Maybe there are three more words, love, sorrow and hugs. Love could be seen on the numerous poster boards with pictures remembering and celebrating Scott’s life. In so many of the picture he had that great big smile that he was so well-known for just beaming. Only one of the poster boards had been prepared by the family. The others were spontaneous gestures by friends and extended family, all who loved this kid.Because the love was so strong the sorrow went so deep. So deep for so many people. All of whom were asking why.As Scott’s grandfather said, this is the worst day of my life.

The hugs. When there are no words to be said, nothing that can provide any comfort, there are hugs. There was more hugging done in these two days than I can ever remember being a part of. A hug, a squeeze, a rub on the shoulder provided some measure of comfort to all of us who mourned.

Saturday was the church service and the cemetery. What I noticed the most about the church service was when a family member  would be heart-broken and sobbing another would be strong for the moment and provide loving support. Then sometime later, often moments later, the strong would become the weak and someone else would provide comfort and strength. During one of those moments Scott’s father broke down and his eldest on just put his arm around his dad as if to say yes, this is horror but I am here by your side and I will be strong for you now.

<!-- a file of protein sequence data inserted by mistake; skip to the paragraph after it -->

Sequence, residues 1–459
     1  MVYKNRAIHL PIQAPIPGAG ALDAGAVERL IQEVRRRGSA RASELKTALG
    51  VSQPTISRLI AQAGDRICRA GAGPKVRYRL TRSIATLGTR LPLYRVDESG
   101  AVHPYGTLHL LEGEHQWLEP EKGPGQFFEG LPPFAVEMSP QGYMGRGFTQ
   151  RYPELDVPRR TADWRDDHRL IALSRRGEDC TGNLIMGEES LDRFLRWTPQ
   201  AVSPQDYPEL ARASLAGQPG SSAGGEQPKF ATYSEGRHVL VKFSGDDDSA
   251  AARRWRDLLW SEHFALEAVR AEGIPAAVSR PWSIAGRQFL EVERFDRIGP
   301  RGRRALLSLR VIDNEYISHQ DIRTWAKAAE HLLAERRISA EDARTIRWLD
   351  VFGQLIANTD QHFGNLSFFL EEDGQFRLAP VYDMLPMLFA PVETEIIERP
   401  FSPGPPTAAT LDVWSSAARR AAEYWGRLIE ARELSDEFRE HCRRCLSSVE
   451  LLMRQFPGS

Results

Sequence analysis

Scott’s uncle is one of my oldest and closest friends. His grandfather and my mother lived together for almost thirty years until her death. My goal was to be strong for them. Instead as I approached them during the service I broke down and sobbed. Loudly. Not the comfort I had been planning to provide but we all understood.